Consumers don't accurately distinguish between behaviorally targeted ads and other types of online ads, according to the Direct Marketing Association's annual ethics compliance report.
Between February 2012 and June of this year, the DMA received more than 300 complaints about purported “online behavioral advertising” -- or ad-targeting based on data collected across
more than one site. But the DMA says in its report, released on Wednesday, that the vast majority of those complaints were actually about untargeted ads -- especially ads for dating sites.
“Consumers might think that something they're seeing when they go to a Web site is a targeted ad to them, but actually it's an ad that you can't opt out of,” says Senny Boone, general
counsel to the DMA. The DMA, like other industry groups, requires companies to notify consumers about online behavioral advertising and allow them to opt out of receiving behaviorally targeted ads.
But the trade group doesn't require companies to allow people to opt out of other types of banner or search ads.
Boone says the DMA decided that the consumers were mistaken after
questioning the advertisers about their ad-targeting techniques. Many of the subjects of complaints told the DMA that they serve ads based on data like users' locations, but not their Web-surfing
history, according to Boone.
It's unclear why the consumers believed that they had viewed behaviorally targeted ads in those cases. People who complained to the DMA about behavioral
targeting typically did so through an online form at its site or the one run by the umbrella group Digital Advertising Alliance. One way that consumers reach the DAA's site is by clicking on the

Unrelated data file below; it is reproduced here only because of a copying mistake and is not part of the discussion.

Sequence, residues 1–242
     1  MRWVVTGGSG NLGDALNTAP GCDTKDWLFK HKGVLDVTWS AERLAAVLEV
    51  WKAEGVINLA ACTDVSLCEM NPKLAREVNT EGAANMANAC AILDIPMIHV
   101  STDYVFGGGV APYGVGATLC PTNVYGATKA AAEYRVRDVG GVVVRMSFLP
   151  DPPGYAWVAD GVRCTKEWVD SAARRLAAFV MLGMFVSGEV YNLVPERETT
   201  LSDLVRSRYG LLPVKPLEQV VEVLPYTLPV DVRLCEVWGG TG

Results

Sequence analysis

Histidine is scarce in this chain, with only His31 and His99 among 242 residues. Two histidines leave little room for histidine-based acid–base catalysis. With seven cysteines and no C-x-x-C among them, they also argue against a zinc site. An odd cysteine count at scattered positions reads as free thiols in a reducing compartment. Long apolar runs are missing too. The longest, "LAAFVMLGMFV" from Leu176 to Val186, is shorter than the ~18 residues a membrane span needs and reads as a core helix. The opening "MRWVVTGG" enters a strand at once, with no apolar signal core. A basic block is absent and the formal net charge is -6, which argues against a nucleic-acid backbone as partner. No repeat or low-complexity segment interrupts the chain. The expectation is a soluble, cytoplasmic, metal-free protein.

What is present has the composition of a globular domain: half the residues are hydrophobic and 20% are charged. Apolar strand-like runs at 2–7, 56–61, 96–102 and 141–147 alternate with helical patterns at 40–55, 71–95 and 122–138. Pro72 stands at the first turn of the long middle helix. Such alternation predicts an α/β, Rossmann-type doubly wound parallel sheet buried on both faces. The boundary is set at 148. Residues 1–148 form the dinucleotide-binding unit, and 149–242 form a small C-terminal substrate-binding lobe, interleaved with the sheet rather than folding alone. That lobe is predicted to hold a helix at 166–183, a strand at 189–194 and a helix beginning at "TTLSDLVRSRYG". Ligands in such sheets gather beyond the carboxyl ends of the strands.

AdChoices icon -- which is present on behaviorally targeted ads and aims to informs Web users about the technique. But Boone says consumers could also have come to the DAA's site through search
engines, or other mechanisms.
Around 30 people who complained about online behavioral advertising accurately identified the type of ads they had seen, according to Boone. Some of that group
said they had problems opting out of receiving ads targeted based on behavior.
The DMA said that one complaint “led us to learn that there might be some technical issues in opting out
of some targeted ads.”
The DMA also said that in some cases, antivirus software interfered with the opt-out cookies. The organization “provided consumers with tips on how to
ensure that their OBA opt-out process would be honored by changing their cookie preferences,” according to the report.
The current opt-out system relies on cookies, but
privacy-conscious consumers often delete their cookies. That's one of the reasons why the Federal Trade Commission called for Web companies to develop a more permanent do-not-track mechanism. All of
the browser companies now offer a do-not-track header that communicates users' preferences to publishers and ad networks. But Web companies haven't been able to reach a consensus about how to respond
to those browser-based headers